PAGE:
Posted September 15, 2009 11:56 am by with 6 comments

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DL JPEGHave you ever experienced a time where you had some important data stored in a SaaS (software as a service) application like e-mail or CRM and you wanted your data out of the application? Sounds simple enough, right? After all it is your data? Often times this turns into a process / project that makes little sense to the end user who is indignant that they can’t easily get their own data. The provider, however, has every reason to either make the process difficult or just stall because it gives them time to make a ‘save’.

So who should rescue the day when it comes to the freedom of all data in the known universe? Why Google of course! Doing their best Rage Against the Machine impression they have launched a site promoting the Data Liberation Front. Considering all of the talk these days about taking back power and control blah, blah, blah it’s interesting that they present this in a manner that looks rebellious in a Che Guevara kinda way. I suppose it gets people’s attention but …..

The Data Liberation Front is an engineering team at Google whose singular goal is to make it easier for users to move their data in and out of Google products. We do this because we believe that any data that you create in (or import into) a product is your own. We help and consult other engineering teams within Google on how to “liberate” their products. This is our mission statement:

Users own the data they store in any of Google’s products.
Our team’s goal is to give users greater control by making it
easier for them to move data in and out.

Google is becoming very adept at addressing their shortcomings in a way that is both self-effacing (they admit they are not perfect in this mission yet) and preemptive. They have become masters of seeing where there may be some ‘evil’ and making a big deal about eradicating it. Very interesting indeed and, honestly, pretty darn smart on their part.

To take that to the next level they address the very same information in a much less cool and revolutionary but more practical blog. In fact, the blog looks to be the place moving forward to get all the latest on Google’s progress to not lock-in their users.

We expect to use this blog to give tips and tricks on getting data in and out of Google products, as well as kudos and reviews for services supporting rich import/export features. We think that we can provide simple solutions for liberating/managing your data stored in the cloud, and let you voice your complaints about services that aren’t properly liberated.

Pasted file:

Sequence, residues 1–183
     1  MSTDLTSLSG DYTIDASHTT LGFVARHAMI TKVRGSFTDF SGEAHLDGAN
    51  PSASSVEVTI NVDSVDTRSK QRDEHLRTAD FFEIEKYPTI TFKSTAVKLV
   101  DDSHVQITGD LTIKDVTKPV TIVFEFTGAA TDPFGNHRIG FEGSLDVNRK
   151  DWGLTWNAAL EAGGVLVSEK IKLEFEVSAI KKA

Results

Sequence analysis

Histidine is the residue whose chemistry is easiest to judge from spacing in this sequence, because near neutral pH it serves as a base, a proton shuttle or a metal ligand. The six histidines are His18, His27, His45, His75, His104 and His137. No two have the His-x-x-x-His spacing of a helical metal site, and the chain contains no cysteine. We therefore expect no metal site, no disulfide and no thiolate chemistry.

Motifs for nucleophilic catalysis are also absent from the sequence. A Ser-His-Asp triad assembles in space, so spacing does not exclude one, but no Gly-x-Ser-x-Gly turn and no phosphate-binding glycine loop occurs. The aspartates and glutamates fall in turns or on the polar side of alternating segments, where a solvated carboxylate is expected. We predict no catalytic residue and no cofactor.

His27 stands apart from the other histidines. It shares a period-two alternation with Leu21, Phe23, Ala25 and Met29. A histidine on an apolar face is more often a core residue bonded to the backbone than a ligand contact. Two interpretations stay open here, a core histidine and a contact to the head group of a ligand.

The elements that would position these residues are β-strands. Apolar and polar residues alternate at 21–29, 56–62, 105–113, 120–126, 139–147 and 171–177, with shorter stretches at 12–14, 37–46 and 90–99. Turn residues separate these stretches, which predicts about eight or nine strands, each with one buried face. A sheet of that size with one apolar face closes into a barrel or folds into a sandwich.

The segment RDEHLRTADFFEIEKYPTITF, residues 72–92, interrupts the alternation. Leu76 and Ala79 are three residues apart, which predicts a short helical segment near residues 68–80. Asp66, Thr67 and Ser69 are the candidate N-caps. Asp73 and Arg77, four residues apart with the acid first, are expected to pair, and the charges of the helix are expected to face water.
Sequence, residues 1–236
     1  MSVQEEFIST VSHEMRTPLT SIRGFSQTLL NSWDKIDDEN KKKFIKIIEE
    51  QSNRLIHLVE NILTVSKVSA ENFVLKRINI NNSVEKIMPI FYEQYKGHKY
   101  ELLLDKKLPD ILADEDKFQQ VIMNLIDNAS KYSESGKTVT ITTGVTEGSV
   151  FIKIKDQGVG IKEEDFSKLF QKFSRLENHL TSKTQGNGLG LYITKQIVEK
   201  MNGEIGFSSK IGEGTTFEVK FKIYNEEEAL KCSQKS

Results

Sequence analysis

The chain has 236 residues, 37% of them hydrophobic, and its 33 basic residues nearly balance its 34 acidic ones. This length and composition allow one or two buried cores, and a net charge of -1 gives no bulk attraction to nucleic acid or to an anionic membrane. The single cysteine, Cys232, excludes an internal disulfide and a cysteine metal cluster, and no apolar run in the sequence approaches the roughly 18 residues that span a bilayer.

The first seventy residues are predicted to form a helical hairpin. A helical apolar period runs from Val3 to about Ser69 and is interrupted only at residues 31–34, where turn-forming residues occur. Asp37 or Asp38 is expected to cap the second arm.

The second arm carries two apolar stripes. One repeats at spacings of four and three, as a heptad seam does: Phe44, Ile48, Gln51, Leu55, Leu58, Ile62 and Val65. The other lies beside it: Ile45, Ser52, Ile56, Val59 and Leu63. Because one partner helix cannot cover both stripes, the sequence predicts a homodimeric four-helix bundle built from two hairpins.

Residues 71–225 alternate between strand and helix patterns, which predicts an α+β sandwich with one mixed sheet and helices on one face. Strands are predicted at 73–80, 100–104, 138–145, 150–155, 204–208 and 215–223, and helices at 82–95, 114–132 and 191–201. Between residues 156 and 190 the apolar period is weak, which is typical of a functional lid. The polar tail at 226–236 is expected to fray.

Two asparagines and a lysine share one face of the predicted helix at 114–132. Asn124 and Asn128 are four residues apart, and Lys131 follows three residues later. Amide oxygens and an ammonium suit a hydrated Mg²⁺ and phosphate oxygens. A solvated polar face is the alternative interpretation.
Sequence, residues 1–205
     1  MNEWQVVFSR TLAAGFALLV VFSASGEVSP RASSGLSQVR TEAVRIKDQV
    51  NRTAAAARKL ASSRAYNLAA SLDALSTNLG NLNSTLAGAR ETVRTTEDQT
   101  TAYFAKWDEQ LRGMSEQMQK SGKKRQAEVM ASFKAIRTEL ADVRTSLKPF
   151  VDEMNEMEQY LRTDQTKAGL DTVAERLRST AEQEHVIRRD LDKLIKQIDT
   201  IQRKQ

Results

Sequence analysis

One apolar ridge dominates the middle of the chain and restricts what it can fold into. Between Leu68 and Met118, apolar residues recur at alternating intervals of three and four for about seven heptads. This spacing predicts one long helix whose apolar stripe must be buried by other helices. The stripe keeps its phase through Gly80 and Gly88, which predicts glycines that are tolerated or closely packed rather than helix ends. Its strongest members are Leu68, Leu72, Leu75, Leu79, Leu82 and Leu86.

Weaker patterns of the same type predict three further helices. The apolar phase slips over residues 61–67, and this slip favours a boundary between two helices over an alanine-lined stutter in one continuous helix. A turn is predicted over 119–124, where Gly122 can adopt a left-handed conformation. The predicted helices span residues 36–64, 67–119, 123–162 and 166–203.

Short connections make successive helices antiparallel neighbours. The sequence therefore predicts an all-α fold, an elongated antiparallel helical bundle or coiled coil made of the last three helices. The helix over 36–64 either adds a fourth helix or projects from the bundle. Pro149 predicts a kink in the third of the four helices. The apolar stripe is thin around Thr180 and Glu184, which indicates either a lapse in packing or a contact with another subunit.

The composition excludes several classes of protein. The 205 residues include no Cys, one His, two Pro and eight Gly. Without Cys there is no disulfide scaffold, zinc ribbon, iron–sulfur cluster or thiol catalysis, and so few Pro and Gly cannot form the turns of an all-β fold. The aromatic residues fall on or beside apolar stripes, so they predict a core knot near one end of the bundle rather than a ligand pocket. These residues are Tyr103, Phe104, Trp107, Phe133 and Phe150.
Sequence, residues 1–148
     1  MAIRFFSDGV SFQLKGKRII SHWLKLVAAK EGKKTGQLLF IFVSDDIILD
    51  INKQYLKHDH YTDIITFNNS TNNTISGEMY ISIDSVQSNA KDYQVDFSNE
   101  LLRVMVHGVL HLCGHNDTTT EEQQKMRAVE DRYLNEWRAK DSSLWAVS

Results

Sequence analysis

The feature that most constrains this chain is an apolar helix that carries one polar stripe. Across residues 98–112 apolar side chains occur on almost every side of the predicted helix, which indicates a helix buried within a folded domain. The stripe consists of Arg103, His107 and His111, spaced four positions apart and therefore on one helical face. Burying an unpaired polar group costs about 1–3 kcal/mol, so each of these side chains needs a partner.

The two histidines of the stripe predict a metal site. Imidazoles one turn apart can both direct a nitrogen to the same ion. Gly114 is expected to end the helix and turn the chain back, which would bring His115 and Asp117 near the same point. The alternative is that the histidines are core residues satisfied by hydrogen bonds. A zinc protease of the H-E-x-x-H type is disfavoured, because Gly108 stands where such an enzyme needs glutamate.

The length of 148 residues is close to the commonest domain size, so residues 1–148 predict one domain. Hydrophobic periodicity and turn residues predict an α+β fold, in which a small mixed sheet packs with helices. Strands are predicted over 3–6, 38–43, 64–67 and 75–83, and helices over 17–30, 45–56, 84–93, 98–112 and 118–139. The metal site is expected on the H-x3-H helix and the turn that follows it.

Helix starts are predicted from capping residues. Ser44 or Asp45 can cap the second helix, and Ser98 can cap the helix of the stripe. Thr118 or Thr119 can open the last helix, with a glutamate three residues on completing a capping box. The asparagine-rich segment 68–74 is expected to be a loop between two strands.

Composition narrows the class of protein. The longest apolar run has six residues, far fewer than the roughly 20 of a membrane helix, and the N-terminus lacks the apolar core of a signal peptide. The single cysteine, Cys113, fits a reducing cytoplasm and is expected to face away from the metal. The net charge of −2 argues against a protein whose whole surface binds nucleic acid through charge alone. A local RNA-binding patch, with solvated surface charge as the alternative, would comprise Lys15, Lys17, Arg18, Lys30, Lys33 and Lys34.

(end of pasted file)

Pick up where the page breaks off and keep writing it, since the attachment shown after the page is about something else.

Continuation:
So rather than looking like Fi-Fo-Fi-Fum giant trying to corner the data information and dissemination market through book copyright deals and search engine dominance Google comes out with the look of data revolutionaries. Don’t worry everyone, Google’s got your best interest at heart and is fighting for your rights. Ultimately you may never need to worry about data liberation at all. Probably because they’ll have it all anyway. Looks like all that time hanging out in Washington, DC may be rubbing off on them.

  • google is the man. Hopefully they never become evil like in the movies.

  • I wish Google was rebellious in a “Che Guevara kind of way”.

    Hasta la Victoria Siempre !

  • Google is the boos of SE 😛
    .-= James coonou´s last blog ..CyberPower Gamer Xtreme range Overclocked Core i5 and Core i7 Gaming PCs =-.

  • well, use VSS (Visual source safe) for all data protection 🙂

    And what do you have to say about recent even when Gmail was down?
    .-= Gogogle´s last blog ..YouTube Office Pictures =-.

  • ehhha

    Yes, I do data entry freelance projects

  • I applaud Google’s promises of data portability. But I’m struck by Google policies that exactly and intentionally impede data portability — especially for the one product where Google makes, literally, billions of dollars.

    Recall that Google’s AdWords API Terms & Conditions impose an arbitrary and indefensible restriction on advertisers’ efforts to copy ads and campaigns out of Google AdWords, i.e. to begin to use competing ad platforms also. I critiqued this problem last year in a piece on my site ( and in Congressional testimony ( pages 4-5). But despite the lofty rhetoric of DLF, Google has done nothing to address these problems.

    It would be trivially easy to address the problem I have identified: Simply delete the offending sentences from the API Terms & Conditions. That needs zero engineering time and, really, zero involvement by DLF. But that would cost Google money — letting advertisers try out competing ad platforms, and potentially reducing advertisers’ spending at Google. No wonder Google is in no rush to open the API — but advertisers can and should demand better.
    .-= Ben Edelman´s last blog ..How Google and Its Partners Inflate Measured Conversion Rates and Increase Advertisers’ Costs =-.